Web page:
Julea: Why is the offer stage the most important part of the process?
Stacy: For a number of reasons, actually, starting with the fact that this is when the real decisions are made. This is when an employer decides which candidate they want to hire, and then the candidate decides whether or not they’re going to accept the offer that the employer makes to them. But it has ramifications beyond that, as well.
Julea: What do you mean?
Stacy: Job candidates have to remember that they’re branding themselves during the hiring process, just like employers are branding themselves. So if you act badly, then it’s going to reflect poorly upon you, not just in terms of this single job, but also in terms of the future and your career.
Julea: Is that the “burning bridges” portion of today’s podcast episode?
Stacy: Indeed, it is. That’s because if you handle the Animal Health or Veterinary salary negotiation poorly, then you could create a situation where not only will an employer not want to consider you for employment again, but the recruiter will also consider not working with you.
Julea: Yikes Stacy! So what happened in your story?
Stacy: Well, I was recently working to fill an executive-level position for one of my clients within the Veterinary profession. There was a candidate who was interested in the position for a number of reasons. For one, he wanted to move to the part of the country where the position was located, mainly because he was from the Northeast and the cost of living was going to be lower where the new job was.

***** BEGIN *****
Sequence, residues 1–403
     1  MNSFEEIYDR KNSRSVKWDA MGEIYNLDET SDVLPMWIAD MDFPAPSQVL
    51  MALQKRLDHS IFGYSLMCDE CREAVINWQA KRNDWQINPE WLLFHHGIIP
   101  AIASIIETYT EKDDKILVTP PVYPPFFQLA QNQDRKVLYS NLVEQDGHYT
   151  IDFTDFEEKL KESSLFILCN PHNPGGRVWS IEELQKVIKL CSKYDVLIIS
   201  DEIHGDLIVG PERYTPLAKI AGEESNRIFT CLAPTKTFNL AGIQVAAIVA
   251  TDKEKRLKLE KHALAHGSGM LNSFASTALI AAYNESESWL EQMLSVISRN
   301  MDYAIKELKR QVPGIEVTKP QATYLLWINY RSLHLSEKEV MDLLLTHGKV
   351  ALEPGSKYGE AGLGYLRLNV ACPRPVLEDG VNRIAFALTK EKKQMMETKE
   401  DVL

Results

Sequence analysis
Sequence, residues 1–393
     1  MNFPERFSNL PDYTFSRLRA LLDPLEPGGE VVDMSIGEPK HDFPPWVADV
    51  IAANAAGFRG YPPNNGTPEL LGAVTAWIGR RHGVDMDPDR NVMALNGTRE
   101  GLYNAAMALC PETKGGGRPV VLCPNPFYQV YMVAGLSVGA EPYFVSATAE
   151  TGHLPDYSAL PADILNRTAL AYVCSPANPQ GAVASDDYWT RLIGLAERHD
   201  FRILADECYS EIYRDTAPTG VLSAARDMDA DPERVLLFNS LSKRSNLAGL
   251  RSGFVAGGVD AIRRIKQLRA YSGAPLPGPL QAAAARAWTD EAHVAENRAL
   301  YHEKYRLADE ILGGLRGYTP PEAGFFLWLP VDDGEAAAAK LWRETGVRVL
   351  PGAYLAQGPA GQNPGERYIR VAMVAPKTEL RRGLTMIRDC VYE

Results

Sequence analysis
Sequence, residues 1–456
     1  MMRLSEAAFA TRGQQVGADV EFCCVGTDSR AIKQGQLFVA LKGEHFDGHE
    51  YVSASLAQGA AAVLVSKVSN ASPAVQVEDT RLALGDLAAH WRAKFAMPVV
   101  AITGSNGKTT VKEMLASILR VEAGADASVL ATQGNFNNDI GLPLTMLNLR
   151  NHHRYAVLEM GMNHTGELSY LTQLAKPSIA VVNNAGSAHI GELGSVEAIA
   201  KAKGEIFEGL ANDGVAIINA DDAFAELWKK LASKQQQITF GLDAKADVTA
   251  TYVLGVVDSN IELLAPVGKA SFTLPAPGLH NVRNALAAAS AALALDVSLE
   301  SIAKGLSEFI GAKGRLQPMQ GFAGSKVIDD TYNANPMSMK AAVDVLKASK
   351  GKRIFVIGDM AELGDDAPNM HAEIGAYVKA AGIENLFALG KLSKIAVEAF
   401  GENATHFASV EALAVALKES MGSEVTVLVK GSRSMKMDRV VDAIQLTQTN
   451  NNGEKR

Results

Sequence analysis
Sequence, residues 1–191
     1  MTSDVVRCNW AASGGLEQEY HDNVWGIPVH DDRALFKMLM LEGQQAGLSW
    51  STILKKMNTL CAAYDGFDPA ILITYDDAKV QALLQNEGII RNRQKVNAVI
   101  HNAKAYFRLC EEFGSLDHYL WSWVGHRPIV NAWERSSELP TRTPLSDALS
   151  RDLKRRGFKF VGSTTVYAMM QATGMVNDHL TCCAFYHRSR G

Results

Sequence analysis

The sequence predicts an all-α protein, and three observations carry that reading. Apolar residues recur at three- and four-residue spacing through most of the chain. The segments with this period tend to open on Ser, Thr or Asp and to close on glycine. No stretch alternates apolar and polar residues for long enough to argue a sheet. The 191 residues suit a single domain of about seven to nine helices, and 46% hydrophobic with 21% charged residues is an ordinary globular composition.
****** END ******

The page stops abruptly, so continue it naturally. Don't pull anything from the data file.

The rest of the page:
For another thing, the candidate said that he and his wife were able to relocate because their kids were out of the house, so they were free to go wherever they wanted. And this candidate had researched the state where the job was located, and he very much wanted to go to that state.
Julea: So far, so good. So what happened next?
Stacy: Well, this was a six-week process, from beginning to end. It was clear that my client thought this candidate was the top choice. I could tell they wanted to hire this candidate, so I asked the candidate what starting salary it would take to accept my client’s offer. He came back with a reasonable number. So I went back to my client, who made an offer to the candidate that was $25,000 more than the low end of his range.
Julea: So that’s a slam-dunk then, right? Since the offer was $25,000 more than the minimum the candidate said he would accept, the deal was done.
Stacy: Not quite.
Stacy: I’m afraid not. Unfortunately, the candidate came back and said he wanted a starting salary that was $50,000 more than what my client had offered.
Julea: Wait a minute . . . $50,000 more than what the client offered is $75,000 more than the minimum that the candidate said he needed to accept the offer. How did that happen?
Stacy: Julea, I asked the candidate that question multiple times.
Julea: And what did he say?
Stacy: He said that he didn’t know how many opportunities were available in the marketplace when he started the process. As a result, he decided to ask for $75,000 more than the low end of the range that HE set. Remember, I wasn’t the one who set that salary range. My client wasn’t the one who set the range. The candidate set the range . . . and then he completely blew it up at the last minute.
Julea: I imagine that the client was not happy.
Stacy: No, my client was not happy at all. The hiring manager commented to me that they felt like they had been the victim of a “bait and switch.” And I have to say, I felt the same way.